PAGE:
Report: Great inequality in Brainport region

unequality in brainport
Photo credit: Studio040/ Olaf Koenen

The Brainport region has been growing rapidly in recent years. The economy is said to have doubled in 25 years. According to a new Rabobank report, this growth also leads to problems, such as socio-economic inequality.

Because of this strong economic growth in the region, the city of Eindhoven is also growing fast. According to the Rabobank report, this has the effect of increasing inequality in the city in terms of broad prosperity*.

This is also due to the classification of the Brainport region itself. With Eindhoven, there is a large city in the area where living space is under pressure. Matters such as mobility, air quality and infrastructure are also becoming more and more burdensome. Due to growing employment, the housing market has also become extremely tight, which puts housing satisfaction at risk.

City – countryside
These are problems that affect the metropolitan area but are much less prevalent in the suburbs. People who live in Eindhoven are generally less happy with their place of residence than people in the outskirts. But city versus countryside is only one of the axes that cause the great inequality in the region.

Education and employment are also parameters. Young adults, people who are unemployed or who have not had the opportunity to follow further education, for example, are largely dissatisfied with their place of residence. Also in the areas of personal development, health, job security and work-life balance, people without further education are less well off than people with further education.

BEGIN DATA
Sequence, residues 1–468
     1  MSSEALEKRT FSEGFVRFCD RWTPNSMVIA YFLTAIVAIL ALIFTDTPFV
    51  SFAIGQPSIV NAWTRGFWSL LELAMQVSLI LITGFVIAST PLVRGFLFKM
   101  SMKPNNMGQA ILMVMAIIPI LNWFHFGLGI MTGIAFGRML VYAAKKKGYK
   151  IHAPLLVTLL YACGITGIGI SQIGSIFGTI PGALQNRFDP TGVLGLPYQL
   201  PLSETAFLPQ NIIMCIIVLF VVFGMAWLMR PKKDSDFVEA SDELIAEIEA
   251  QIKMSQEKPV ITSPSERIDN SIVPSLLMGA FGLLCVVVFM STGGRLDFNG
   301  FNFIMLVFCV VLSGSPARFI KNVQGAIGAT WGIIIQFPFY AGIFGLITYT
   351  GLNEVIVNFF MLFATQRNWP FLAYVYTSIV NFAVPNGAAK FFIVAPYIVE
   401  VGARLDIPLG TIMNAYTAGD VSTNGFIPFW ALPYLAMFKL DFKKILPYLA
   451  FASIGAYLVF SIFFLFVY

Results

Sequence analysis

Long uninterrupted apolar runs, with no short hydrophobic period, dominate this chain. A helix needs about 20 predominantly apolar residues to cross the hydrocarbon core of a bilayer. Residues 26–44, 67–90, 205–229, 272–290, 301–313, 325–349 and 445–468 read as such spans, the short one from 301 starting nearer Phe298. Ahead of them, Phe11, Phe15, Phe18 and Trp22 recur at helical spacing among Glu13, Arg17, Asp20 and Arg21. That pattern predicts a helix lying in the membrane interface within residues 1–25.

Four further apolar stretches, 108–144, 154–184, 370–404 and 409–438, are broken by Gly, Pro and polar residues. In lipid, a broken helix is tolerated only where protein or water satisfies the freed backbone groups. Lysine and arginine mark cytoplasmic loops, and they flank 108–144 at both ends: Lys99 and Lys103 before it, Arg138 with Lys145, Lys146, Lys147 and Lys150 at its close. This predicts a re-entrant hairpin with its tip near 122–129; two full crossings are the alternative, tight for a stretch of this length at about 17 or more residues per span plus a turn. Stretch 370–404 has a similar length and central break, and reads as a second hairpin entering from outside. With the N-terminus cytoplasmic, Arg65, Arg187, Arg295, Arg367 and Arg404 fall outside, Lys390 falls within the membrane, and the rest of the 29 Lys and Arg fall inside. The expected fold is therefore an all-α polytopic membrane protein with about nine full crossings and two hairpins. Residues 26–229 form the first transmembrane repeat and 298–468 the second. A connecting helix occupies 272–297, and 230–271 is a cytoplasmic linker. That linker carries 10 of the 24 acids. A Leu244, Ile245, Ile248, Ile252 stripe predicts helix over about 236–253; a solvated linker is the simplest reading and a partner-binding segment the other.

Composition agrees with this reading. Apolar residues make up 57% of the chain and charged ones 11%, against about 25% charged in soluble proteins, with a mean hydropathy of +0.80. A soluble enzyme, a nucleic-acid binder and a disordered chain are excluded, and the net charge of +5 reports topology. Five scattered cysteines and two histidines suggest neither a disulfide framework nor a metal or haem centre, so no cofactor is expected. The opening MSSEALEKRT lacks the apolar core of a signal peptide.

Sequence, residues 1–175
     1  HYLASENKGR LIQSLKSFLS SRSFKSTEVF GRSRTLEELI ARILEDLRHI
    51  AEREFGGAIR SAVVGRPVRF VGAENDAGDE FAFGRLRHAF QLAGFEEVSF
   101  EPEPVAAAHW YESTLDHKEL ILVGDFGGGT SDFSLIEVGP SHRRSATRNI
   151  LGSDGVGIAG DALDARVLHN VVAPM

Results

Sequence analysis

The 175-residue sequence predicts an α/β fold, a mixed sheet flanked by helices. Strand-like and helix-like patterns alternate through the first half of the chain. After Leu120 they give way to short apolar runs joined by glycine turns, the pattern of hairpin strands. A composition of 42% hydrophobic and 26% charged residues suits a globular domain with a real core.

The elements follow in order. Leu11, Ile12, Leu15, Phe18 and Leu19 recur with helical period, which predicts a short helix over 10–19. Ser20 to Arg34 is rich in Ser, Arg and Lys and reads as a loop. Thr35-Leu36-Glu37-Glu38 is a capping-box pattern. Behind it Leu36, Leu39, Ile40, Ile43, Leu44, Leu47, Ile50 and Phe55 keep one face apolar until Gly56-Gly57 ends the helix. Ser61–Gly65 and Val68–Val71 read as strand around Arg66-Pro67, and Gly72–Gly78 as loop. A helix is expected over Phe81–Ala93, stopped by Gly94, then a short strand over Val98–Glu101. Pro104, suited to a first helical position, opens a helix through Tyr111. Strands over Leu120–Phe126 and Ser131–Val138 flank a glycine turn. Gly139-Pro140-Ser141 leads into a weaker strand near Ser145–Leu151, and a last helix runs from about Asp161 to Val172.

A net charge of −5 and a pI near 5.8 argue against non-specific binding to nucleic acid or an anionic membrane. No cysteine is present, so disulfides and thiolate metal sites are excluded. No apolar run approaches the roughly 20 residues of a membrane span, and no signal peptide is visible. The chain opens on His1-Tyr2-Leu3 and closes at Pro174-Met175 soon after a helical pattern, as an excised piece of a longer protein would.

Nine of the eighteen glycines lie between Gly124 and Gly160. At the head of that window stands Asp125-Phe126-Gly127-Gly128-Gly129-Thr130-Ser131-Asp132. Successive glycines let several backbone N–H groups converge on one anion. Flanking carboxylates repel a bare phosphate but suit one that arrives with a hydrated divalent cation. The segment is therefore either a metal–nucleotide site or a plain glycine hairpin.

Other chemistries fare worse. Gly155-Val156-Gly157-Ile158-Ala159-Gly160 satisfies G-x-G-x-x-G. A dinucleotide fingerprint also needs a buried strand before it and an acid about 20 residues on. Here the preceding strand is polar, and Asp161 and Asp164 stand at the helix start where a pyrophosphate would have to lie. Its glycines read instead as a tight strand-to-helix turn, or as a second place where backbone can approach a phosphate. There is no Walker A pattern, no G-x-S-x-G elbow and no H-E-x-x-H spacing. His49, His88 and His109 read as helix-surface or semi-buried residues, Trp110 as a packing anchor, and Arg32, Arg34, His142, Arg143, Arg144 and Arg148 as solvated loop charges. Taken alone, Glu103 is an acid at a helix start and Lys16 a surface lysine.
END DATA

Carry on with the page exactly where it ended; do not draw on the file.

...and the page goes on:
Sustainable enterprise
There is also better news to come out of the report. For example, Eindhoven is a leader in sustainable business. Companies in Eindhoven are generally better prepared for the new economy. Especially in the areas of ‘real prices’, ‘transparent chains’, ‘green energy’, and ‘biodiversity’, companies in Eindhoven score reasonably well, namely 6.1 on a scale of 10. The rest of the Netherlands scores an average of 5.6.

This is mainly due to a small number of companies scoring very high on the points mentioned. Other companies are still lagging behind, but according to Rabobank, they need help from the frontrunners to prepare for the new economy.

Finally, there is other homework for the region. Especially in the field of human capital, the region can make progress. There are relatively few people who work on their personal development, as Rabobank sees it. It is also the only element of economic growth in which the region does not stand out from the Dutch average.

* What is broad prosperity?
At first, prosperity was measured mainly by the degree of economic growth in relation to the population. This measure is problematic because growth does not always say something about the extent to which people enjoy life. Moreover, the fruits of economic growth are not always well distributed. That is why broad prosperity is often taken as a new criterion. In this way, issues such as health, housing enjoyment, safety, social contacts and happiness are also included in measuring prosperity.

Find here the report in Dutch

Source: Studio040

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